BASA: 29 out of 80 are active in Nigeria—NCAA

The director general of the Nigerian Civil Aviation Authority, NCAA, Capt. Usman Muhtar has disclosed that the country has Bilateral Air Service Agreement, BASA with eighty countries out of which twenty nine are active.
Speaking at the just concluded Akwaba Travel Market in Lagos, Capt. Muhtar said sixteen of the BASA are in Africa, seven in Europe, five in Middle East / Asia and one in USA.
He stated that 51 BASA’s are presently inactive because they are yet to commence operations.
According to him, “Turkey, Belgium, Qatar and ten other countries renegotiated a BASA with Nigeria to pave way for direct flights between the countries on the principle of reciprocity by the designated airlines of these countries, while Oman, Curacao, Mauritania and twelve other countries are in the pipeline. It is within the NCAA framework to propound policy guideline to drive aviation activities in Nigeria. Because Nigeria is an ICAO state, substantial part of our regulatory instruments and policies are derived from ICAO annexes and documents. The operations of NCAA have been guided by annexes of the ICAO, NCAR’s and other appropriate legislation. We have focused majorly on safety, security and comfort of passengers in the last one year.”
He explained that Open skies is an international policy concept that brings about the liberalization of the rules and regulations of the international aviation industry, especially commercial aviation in order to create a free market environment for the airline industry, stressing that this is because as international competition grew, various degrees of protectionism became imminent amongst committee of nations.
“The primary objective of Open Skies include, to liberalize the rules for international aviation markets and minimize government control as it applies to movement of passenger and all – cargo as well as scheduled and charter services and also to adjust the regime under which military and other state – based flights may be permitted. What this portends is that for open skies to become effective, a bilateral and sometimes multilateral air transport agreement must be concluded between two or more nations. Open skies agreements have vastly expanded international passenger and cargo flights to and fro countries like the United States of America, United Kingdom etc , promoting increased travel and trade, enhancing productivity and spurring high quality job opportunities and economic growth”, Muhtar emphasised.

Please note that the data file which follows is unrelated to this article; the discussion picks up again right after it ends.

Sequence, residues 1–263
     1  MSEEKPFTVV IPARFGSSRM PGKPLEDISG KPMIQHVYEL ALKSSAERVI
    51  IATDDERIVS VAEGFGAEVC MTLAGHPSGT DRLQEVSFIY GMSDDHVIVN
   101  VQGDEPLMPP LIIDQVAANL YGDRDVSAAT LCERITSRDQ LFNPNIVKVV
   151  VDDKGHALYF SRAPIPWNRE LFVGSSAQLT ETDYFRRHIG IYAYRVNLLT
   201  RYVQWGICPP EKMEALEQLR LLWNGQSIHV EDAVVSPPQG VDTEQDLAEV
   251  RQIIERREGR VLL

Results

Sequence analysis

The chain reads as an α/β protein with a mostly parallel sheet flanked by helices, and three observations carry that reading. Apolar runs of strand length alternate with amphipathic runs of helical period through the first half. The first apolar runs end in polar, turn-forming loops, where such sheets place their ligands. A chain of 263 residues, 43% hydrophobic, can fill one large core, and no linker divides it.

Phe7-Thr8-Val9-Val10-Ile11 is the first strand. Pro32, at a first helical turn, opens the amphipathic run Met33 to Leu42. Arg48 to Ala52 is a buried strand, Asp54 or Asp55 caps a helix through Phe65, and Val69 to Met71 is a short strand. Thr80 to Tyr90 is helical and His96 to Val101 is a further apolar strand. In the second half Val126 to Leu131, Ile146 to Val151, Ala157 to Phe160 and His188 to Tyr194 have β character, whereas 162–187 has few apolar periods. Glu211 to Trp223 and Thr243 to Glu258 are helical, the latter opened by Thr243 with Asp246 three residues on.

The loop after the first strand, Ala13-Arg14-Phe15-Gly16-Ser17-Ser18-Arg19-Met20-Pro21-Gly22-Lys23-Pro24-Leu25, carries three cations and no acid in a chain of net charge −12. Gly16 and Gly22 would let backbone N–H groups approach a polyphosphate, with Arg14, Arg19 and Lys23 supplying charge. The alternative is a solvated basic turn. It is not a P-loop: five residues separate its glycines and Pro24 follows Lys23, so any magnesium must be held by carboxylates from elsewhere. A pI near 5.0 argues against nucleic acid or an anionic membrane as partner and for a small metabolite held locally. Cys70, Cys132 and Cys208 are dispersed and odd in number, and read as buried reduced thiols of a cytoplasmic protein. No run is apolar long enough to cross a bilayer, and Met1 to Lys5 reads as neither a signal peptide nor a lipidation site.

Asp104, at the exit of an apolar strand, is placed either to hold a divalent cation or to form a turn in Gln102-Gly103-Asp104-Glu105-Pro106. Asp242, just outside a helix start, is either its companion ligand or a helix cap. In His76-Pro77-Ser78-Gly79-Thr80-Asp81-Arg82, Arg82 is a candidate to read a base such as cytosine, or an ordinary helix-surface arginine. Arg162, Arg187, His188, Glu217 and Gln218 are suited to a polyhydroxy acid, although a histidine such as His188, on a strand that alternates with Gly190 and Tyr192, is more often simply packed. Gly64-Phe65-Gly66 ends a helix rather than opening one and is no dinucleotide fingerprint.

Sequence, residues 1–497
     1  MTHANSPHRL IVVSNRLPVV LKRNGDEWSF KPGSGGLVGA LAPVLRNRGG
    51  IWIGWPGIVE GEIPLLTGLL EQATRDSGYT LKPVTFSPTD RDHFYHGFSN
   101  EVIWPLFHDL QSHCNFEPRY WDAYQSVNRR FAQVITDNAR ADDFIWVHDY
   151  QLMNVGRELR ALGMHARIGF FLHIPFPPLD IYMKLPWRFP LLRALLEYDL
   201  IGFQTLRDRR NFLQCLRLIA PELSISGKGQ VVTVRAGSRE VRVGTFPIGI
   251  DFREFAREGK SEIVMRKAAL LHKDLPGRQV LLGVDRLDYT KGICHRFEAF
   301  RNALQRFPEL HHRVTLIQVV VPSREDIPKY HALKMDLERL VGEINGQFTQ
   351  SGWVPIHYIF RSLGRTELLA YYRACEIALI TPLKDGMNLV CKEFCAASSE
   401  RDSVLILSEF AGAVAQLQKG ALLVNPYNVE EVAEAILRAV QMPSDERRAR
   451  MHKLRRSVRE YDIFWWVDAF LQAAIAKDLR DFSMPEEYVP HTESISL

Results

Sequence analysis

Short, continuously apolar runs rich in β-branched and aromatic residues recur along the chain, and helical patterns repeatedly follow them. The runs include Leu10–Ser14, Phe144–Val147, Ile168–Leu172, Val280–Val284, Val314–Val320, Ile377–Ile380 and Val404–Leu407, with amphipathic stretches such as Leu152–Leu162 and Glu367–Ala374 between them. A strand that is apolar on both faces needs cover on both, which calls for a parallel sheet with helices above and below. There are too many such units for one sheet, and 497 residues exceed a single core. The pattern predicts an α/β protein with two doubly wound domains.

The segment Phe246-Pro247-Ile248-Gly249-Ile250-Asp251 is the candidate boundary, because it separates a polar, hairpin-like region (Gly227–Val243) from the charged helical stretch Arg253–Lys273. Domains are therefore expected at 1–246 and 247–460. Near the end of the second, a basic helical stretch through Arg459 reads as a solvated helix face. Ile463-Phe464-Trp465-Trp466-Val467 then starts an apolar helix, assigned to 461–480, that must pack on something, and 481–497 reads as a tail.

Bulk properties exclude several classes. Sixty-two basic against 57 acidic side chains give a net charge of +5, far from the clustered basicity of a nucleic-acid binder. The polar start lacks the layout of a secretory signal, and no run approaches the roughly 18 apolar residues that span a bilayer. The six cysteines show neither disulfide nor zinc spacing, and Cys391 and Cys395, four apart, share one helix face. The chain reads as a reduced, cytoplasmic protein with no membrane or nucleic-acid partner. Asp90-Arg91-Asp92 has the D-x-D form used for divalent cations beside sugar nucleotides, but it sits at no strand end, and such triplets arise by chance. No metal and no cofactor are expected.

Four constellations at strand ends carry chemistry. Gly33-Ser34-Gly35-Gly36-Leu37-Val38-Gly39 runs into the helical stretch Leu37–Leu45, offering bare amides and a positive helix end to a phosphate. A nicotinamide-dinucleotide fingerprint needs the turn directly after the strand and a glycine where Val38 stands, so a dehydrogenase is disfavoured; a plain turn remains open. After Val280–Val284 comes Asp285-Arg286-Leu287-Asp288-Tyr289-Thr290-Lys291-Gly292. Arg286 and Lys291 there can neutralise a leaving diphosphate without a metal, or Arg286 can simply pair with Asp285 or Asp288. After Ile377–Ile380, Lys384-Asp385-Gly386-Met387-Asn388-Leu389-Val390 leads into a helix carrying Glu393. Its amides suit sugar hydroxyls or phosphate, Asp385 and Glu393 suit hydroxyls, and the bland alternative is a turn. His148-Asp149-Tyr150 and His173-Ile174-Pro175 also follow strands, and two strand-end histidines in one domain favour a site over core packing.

He noted that the last twenty five years have seen significant changes in airline regulation.
The pursuit of open skies agreement started with the United States of America in 1979, and by 1982 it had signed twenty three air services agreements worldwide, mainly with smaller nations. That was followed in the 1990s by agreements with individual European states. A huge step was taken in 1992 when the Netherlands signed the first open skies agreement with the United States in spite of objections posited by European Union. The agreement gave both countries unrestricted landing rights on each other’s soil. Under normal circumstances, landing rights are granted for a fixed number of flights per week to a fixed destination, Muhtar said.
NCAA boss explained further that: ” Each adjustment takes a lot of negotiating. Often between governments rather than between the companies involved. The US subsequently granted antitrust immunity to the alliance between Northwest Airlines and KLM Royal Dutch Airlines which started in 1989 when they two airlines agreed to code sharing on a large scale and which actually is the first large alliance still functioning. In 2001 the US signed the Multilateral Agreement on the Liberalization of International Air Transportation (MALIAT) with Brunei, Chile, New Zealand, and Singapore. The US has enjoyed a powerful negotiating position but the European Commission, as a supranational body, negotiated with the US government on a community Air Service Agreement. These negotiations led to the text of an agreement being initiated on 2nd March 2007”.
He maintained that the EU – US Open Skies Agreement was one of the most significant open skies agreements concluded in recent years, applying to civil aviation traffic between two of the world’s three largest markets, while the Asian market considered one of the fastest growing remains relatively regulated at present, although the phased introduction of the ASEAN open skies agreement covering ten countries in Southeast Asia from 2008 has prompted major Asian markets like Japan, China and India to consider similar initiatives.
 

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